The helicopter is ready and crew are ready. They grab their personal survival bags, helmets and harnesses. Queen is sitting in the cockpit and taxis the helicopter onto the open space of the flight line. He lifts up on the collective and brings the helicopter a few feet above the ground for several seconds, performing a hover check to calculate power requirements with the combined calculations of weight adjustments, weather, altitude and fuel amount.
Queen performs final radio checks and they take off high into the air, heading east away from Gowen Field, toward Mountain Home.
Queen speaks through his headset. “Five minutes out from the location site.” The crew chief attaches his tether to the tether of the hoist. He tugs on it firmly, going through the motions of several series of operational checks on the equipment. The hoist equipment is ready.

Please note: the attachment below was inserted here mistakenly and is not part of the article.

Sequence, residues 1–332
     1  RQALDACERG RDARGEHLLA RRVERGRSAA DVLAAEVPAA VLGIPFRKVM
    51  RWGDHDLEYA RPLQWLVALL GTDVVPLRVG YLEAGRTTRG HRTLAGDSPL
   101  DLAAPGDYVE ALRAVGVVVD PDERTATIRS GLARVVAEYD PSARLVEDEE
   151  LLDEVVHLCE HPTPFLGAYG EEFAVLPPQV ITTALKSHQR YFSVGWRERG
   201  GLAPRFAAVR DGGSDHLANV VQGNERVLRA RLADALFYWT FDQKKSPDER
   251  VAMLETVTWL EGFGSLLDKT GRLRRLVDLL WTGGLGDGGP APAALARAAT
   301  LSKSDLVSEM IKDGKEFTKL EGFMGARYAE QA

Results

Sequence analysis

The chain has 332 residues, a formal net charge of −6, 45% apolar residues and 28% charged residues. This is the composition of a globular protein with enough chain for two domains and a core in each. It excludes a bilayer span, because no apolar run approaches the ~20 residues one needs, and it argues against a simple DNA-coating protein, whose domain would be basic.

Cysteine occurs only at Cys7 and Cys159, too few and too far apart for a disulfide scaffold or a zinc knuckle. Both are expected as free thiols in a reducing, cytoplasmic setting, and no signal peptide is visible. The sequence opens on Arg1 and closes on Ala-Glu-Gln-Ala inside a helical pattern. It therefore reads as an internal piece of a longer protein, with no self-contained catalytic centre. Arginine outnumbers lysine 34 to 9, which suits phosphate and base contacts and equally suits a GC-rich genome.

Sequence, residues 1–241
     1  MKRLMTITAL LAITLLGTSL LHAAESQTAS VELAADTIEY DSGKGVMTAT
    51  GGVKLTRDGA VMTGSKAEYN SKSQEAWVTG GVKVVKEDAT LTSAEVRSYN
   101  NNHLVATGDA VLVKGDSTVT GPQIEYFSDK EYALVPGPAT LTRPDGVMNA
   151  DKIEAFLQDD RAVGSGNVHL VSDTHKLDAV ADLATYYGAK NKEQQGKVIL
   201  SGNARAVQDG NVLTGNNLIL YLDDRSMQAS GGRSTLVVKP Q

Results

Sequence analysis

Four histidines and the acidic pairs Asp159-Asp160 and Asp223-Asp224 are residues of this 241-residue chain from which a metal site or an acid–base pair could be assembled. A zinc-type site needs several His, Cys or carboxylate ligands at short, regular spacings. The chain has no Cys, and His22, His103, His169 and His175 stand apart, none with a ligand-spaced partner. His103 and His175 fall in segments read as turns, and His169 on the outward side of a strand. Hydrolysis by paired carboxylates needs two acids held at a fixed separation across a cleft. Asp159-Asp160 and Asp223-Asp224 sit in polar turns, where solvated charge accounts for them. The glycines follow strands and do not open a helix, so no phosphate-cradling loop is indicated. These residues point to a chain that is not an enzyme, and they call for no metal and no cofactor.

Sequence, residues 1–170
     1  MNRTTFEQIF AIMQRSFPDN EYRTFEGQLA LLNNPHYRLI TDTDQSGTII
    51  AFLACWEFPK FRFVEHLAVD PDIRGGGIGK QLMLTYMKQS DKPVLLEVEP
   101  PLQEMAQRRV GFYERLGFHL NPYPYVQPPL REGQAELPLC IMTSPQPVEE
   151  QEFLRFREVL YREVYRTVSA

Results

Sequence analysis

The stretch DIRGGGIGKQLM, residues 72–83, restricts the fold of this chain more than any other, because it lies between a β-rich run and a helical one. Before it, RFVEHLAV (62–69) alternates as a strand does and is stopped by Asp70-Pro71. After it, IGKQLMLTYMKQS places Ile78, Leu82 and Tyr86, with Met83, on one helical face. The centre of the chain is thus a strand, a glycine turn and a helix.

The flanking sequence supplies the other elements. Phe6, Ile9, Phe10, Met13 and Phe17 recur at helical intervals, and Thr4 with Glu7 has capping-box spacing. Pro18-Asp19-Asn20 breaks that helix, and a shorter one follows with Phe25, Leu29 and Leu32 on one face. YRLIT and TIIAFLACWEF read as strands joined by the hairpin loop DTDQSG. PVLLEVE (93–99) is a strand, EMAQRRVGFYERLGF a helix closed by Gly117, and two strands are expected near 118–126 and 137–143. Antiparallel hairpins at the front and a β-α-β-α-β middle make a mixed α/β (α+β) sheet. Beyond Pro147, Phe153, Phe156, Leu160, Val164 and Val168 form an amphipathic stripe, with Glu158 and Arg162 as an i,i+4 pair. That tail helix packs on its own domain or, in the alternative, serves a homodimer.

Both the crew chief and the paramedic hang out of the helicopter on the ledge of each side, searching the ground below them, their feet resting on the skid platform of the helicopter. The helicopter blades are rotating loudly above them.
They search deep into the gulches near the river. They fly up and down the river, searching in the water and alongside the riverbanks at a low altitude and low air speed.
Two individuals are spotted walking on a dirt road in a narrow canyon area. Queen lands in a nearby opening. The paramedic jumps out of the helicopter and runs to the two individuals. Fortunately, they are the lost individuals and are only suffering from minor injuries and dehydration.